Ashley *Hufflepuff Kitten*
Meticulously researched, written in a way that is easy to follow the narrative, and excellently narrated by the ever-reliable Scott Brick. Looking forward to another book by Nathaniel Philbrick!

I got sucked into the idea behind this in part, and mainly due to, the imminent release of the film adaptation -- and seeing in the trailer that this is the story which inspired Moby Dick (another classic I have yet to read, but that's another story for another time). Beyond that limited knowledge, I went
Lewis Weinstein
Dec 10, 2014 Lewis Weinstein rated it it was amazing
A terrific read, based on original documents recovered long after the events described in the book, which took place mostly in 1820. Part of the true story formed the basis for Melville's "Moby Dick."

Brave men set out for a 3 year journey to find and kill whales and process the blubber into oil. The owners of the ship and the captain stand to get rich; most of the crew will make barely enough to survive. But on this voyage, after their ship is battered by a huge sperm whale, many do not survive.
Brendon Schrodinger
Jan 26, 2013 Brendon Schrodinger rated it really liked it
Shelves: history, the-ocean
Also on my blog The Periodic Table of Elephants.

Any reader who has read 'The Life of Pi' and 'Moby Dick' should be all over this as both works of fiction were inspired by the tragic events of the Essex. The Essex was an American whaling ship that was attacked by a disgruntled sperm whale (well the whalers had attacked it with harpoons) and sunk in the south-western Pacific in 1820. All the crew survive the sinking but they are stranded in the middle of the Pacific, in a region desolate of life,
Oct 11, 2016 Jeanette rated it it was amazing
Once I was well into this non-fiction record, I could not put it down.

The detail and research! The maps, the retained evidence and not the least is the history and onus of Nantucket.

Nathaniel Philbrick not only relates all minutia of this chronological multi-year saga of the Essex, but also sets that in the proper setting- like a gem in an elaborate piece of jewelry.

The Quaker religion, worldview and how that worked into the patterns of work for whaling! The language itself surrounding itself
Superb rendering of the Nantucket whaling community and the disaster that befell the Essex in 1821. 1,500 miles off the coast of Chile, it was rammed and sunk by a sperm whale. Eight of 20 men survived the 4,500 mile, 3 month journey to safety in whaleboats. Cannibalism is an uncomfortable part of the story and is thoughfully, not luridly, treated. The story helps elucidate some of what it means to be human, our mastery of amazing feats as a collective and the courage and resourcefulness of indi ...more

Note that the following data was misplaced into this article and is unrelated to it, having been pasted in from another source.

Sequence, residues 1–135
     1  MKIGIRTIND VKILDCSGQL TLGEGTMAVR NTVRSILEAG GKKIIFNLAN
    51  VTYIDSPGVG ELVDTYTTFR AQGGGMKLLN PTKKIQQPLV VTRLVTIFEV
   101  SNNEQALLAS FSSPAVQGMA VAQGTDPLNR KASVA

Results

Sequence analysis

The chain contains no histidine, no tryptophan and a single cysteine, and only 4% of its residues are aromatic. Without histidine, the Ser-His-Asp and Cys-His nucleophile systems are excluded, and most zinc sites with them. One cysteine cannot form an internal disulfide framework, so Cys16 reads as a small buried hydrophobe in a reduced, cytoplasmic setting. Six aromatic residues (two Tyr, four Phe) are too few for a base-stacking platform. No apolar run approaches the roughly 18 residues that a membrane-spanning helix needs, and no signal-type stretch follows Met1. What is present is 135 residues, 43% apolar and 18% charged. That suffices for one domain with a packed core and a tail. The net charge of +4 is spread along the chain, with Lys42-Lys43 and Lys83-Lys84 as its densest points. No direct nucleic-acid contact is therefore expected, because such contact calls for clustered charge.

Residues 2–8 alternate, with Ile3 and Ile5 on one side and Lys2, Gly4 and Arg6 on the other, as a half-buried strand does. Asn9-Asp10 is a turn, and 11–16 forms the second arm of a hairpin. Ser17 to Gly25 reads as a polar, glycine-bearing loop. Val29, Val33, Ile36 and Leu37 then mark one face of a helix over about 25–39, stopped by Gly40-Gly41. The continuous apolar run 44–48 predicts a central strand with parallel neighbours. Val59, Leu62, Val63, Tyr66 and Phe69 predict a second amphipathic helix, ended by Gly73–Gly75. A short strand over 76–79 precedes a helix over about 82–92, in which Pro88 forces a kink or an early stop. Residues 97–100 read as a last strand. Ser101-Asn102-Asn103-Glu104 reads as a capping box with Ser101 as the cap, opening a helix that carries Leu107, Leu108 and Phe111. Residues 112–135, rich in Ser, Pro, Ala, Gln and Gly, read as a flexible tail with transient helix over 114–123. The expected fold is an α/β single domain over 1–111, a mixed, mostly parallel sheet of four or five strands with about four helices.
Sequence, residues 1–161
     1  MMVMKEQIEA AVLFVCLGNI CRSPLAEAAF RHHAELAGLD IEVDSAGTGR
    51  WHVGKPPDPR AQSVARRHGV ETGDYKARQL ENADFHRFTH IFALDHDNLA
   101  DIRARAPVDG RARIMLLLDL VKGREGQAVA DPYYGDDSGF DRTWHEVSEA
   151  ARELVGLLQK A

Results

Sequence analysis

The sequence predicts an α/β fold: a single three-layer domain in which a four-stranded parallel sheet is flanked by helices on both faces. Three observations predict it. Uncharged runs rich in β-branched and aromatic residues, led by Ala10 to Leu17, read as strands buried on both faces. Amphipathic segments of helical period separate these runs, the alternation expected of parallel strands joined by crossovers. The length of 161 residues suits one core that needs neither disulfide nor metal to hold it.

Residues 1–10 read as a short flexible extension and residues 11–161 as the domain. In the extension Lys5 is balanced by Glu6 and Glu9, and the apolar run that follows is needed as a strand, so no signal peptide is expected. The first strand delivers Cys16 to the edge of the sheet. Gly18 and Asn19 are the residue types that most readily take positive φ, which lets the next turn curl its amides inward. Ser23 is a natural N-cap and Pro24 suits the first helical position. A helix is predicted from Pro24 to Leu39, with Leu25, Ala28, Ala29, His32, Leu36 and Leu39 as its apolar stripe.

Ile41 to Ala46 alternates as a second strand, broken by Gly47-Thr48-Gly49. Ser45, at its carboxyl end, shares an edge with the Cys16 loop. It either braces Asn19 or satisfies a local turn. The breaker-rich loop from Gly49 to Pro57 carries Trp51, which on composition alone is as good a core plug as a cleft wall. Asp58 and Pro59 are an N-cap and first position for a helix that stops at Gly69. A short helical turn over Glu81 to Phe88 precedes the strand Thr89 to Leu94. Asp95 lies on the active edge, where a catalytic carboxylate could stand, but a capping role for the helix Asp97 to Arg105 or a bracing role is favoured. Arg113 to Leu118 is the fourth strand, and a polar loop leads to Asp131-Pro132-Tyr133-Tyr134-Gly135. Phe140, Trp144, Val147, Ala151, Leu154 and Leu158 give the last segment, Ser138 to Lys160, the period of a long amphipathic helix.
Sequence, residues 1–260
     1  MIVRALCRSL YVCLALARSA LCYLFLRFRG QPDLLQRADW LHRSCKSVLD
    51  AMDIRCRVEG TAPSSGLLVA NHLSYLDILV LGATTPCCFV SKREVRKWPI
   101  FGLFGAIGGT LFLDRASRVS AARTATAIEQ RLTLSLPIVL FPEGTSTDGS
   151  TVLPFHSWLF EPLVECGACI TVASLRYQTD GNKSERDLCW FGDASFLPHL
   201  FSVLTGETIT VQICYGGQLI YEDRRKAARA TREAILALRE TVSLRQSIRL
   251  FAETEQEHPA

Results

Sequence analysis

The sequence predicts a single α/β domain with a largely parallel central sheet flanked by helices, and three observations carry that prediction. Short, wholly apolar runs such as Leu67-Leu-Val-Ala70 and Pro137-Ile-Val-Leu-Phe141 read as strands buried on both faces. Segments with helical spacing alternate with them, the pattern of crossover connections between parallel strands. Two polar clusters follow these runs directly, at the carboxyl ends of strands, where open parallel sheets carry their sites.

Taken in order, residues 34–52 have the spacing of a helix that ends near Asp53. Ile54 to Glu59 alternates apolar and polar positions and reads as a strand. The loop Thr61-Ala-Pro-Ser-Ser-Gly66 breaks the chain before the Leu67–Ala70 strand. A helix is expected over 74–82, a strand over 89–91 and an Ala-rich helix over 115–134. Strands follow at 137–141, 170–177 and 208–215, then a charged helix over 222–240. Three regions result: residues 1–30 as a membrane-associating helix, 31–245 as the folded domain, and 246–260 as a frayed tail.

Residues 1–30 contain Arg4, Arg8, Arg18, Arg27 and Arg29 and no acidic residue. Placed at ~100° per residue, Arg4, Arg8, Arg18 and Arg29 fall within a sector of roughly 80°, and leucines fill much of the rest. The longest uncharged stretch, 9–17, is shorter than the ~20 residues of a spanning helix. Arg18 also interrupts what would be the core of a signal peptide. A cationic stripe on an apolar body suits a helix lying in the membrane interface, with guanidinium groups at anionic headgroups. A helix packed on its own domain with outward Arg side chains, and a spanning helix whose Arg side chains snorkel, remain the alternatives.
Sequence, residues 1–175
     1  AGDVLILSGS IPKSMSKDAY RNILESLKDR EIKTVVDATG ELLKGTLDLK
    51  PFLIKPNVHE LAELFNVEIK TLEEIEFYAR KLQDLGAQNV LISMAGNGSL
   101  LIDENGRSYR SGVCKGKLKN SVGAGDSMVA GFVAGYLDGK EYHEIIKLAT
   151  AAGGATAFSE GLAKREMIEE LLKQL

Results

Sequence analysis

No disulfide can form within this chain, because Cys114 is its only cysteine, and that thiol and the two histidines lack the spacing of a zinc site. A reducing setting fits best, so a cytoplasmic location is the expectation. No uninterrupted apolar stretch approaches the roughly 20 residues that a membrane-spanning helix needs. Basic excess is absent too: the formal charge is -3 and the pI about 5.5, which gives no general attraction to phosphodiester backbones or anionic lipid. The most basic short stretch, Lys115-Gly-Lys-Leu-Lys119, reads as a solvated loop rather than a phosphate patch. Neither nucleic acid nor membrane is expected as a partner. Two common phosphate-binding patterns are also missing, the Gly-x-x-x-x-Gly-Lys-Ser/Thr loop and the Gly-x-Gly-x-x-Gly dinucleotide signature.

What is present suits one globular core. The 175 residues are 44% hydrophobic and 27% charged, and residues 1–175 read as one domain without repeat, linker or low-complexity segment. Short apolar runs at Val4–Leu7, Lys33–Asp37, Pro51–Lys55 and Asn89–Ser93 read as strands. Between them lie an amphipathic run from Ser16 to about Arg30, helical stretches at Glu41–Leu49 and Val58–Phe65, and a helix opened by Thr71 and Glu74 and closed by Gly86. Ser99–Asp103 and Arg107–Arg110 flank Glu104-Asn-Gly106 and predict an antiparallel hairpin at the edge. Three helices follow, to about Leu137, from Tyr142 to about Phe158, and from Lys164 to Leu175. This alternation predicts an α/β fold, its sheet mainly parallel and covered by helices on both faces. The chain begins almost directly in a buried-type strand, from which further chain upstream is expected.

Um livro de não-ficção a relatar o naufrágio de um baleeiro norte-americano em 1820. À partida, não seria algo que me suscitasse muito interesse, mas como a sua adaptação cinematográfica estreou há pouco tempo e a história aqui relatada inspirou o famoso Moby Dick, de Herman Melville (que ainda não li), senti a motivação suficiente para viajar até ao século XIX e embarcar nesta perigosa viagem.

O início do livro contém o necessário enquadramento da partida do Essex da ilha de Nantucket, à data a
Mar 15, 2015 Kasia rated it it was amazing
One of most the most gruesome books I've ever read. Astonishingly beautiful. Please read it.
Scott Rhee
Dec 10, 2015 Scott Rhee rated it it was amazing
I wrote a paper on Herman Melville’s “Moby Dick” for my senior year AP English class and received an “A+” for it... WITHOUT HAVING READ THE DAMNED BOOK! Not bragging (okay, maybe a little...), but it’s a testament to two things: 1) the great in-depth class discussions about the book in Mr. Milheim’s class from which I took copious notes and 2) my talent for bullshit. I could write a paper on any topic, not knowing anything about said topic, and make it sound great, by simply bullshitting my way ...more